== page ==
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    Just south of Chattanooga, Tennessee, USA

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MikeRobinson's Achievements

  1. So, @fuzzfilth, do you sell these things? 😀 I do think that you could "make real money" from both of them.
  2. Funny thing about the Rosetta Stone: until then, no one suspected that Egyptian hieroglyphics were a syllabary – a representation (like Sequoyah's Cherokee language) of what the words sounded like. There was in fact no "sentence structure" within the language: it was effectively a sound recording. Had the preserved sounds not sufficiently resembled modern (although "archaic") Egyptian speech which could still be recognized, the language and therefore everything written in it would have been lost forever.
  3. For whatever it's worth, I've always been able to listen to a note and to know (correctly ...) which note it was. I recognize it, and in my mind's eye I can see my hands playing it. (Note: "on a keyboard," which means that the sound I remember was always correct.) I remember what that note sounded like, and realize that this note is the same one. Maybe that's "perfect pitch." I don't know. But I've been able to do it since I was a kid. My late father in law could tune [Johnny Cash's ...] guitars by ear. He played in one of his bands and was always the one who did it. He could also tune a piano without reference to a tuning fork, and in his early days he did that for a living all over the hills of North Carolina. I'd watch him tune his instruments without any reference, and I also could hear when it was right, which it always was. During any live performance I can "simply, hear" when a player needs to re-tune, and whether it needs to be up or down. Maybe that's unusual – but it isn't, to me.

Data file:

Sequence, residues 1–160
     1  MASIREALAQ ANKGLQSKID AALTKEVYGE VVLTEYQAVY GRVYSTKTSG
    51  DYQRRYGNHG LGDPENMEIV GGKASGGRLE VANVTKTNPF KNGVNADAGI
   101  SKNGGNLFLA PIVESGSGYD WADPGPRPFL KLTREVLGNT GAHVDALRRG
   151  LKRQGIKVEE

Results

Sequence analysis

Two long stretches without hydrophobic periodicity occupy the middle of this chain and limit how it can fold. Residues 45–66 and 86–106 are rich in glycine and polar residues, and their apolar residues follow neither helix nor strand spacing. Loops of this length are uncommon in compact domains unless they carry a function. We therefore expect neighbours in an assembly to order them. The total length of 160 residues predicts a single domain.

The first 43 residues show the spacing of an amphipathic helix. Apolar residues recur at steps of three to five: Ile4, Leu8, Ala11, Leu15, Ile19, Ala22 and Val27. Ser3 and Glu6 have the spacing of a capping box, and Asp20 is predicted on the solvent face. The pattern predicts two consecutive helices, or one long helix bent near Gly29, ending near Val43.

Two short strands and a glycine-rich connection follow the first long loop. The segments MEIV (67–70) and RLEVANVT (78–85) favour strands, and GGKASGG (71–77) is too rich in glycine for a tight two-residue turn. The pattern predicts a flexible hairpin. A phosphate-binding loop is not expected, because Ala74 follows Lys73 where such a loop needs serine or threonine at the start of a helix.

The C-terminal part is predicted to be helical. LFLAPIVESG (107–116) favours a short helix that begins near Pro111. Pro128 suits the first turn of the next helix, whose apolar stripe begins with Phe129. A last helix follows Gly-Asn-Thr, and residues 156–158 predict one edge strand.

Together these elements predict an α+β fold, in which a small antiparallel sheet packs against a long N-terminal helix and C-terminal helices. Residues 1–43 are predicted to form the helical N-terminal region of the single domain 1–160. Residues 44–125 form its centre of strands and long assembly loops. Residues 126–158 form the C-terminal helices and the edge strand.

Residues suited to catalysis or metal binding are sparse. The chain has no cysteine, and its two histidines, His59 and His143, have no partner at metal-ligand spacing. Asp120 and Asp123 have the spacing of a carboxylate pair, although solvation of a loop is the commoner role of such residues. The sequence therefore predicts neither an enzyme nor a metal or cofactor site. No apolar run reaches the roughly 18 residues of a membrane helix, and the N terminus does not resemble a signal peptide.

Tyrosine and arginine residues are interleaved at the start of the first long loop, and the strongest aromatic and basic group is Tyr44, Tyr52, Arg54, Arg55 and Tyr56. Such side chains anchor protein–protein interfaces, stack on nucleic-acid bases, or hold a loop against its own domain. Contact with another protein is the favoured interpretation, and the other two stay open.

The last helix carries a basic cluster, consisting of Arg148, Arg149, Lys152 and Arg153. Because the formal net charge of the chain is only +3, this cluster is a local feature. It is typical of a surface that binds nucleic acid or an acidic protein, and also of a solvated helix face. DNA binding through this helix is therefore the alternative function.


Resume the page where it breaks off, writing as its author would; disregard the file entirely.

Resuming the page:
4. First of all, I suggest that you "cross that bridge when you get there." If you actually get a "similarity" which you are certain is based on the presence of some Apple Loop, then you can address it with the site. Everybody uses these loops – their computers have heard them before. Second, legally register copyright to your work (in the US), and include that "©" copyright notice, in the manner required by law, when you submit it (anywhere). This is not only your first line of defense against anyone who then tries to rip you off, but also the site owner's first line of defense that they are not guilty of contributory (or, innocent) infringement against somebody else's rights. You declare that you own the material that you are posting.
  5. Apple's big monitors are calibrated, just like its computer displays are. And, if you are doing motion-picture work, or printing-industry "pre-flights," that's exactly what you require and will pay for. If you're doing final-approval for a magazine cover before a million copies of it are printed, "these things matter." If you walk into a Mac retail store, one thing that you may not immediately notice is that e-v-e-r-y-t-h-i-n-g in the store ... every Mac, every iPad or iPhone ... looks e-x-a-c-t-l-y the same. Now, go into a Wal-Mart and look at the PCs. Look also at the big-screen televisions. Nothing looks the same. Color-casts going this way and that, color-depth all over the map. Sure, you can get used to anything once you get used to it, but it's not standardized. If you simply need "a nice external monitor that works well with your Mac," that's very easy and not very expensive. But if you require calibration, you're going to pony up some cash ... and be perfectly willing to do so. (That's also why, if you see a computer on a movie set, it's gonna be a Mac.)
  6. One of my drummer friends once put it this way: "it's for the same reason that I use cruise control while driving – it keeps me from annoying other drivers by driving too slow, and it keeps me from getting speeding tickets." I also watched one drummer who used a tempo reference that consisted of a flashing LED light. I'm guessing that there must have been some kind of "app."
  7. That is MOOch too MOOch information! 🐄 🤣 (And it's not even MOOnday anymore!) We gotta be sure this never gets out to the college grads who dream of becoming professional musicians – that we actually make our money by dressing up as cows. (Although one of my college friends made good money as a [clean ... never quite "all the way"] stripper at bachelorette parties ... One heck of a nice guy and a great entertainer.)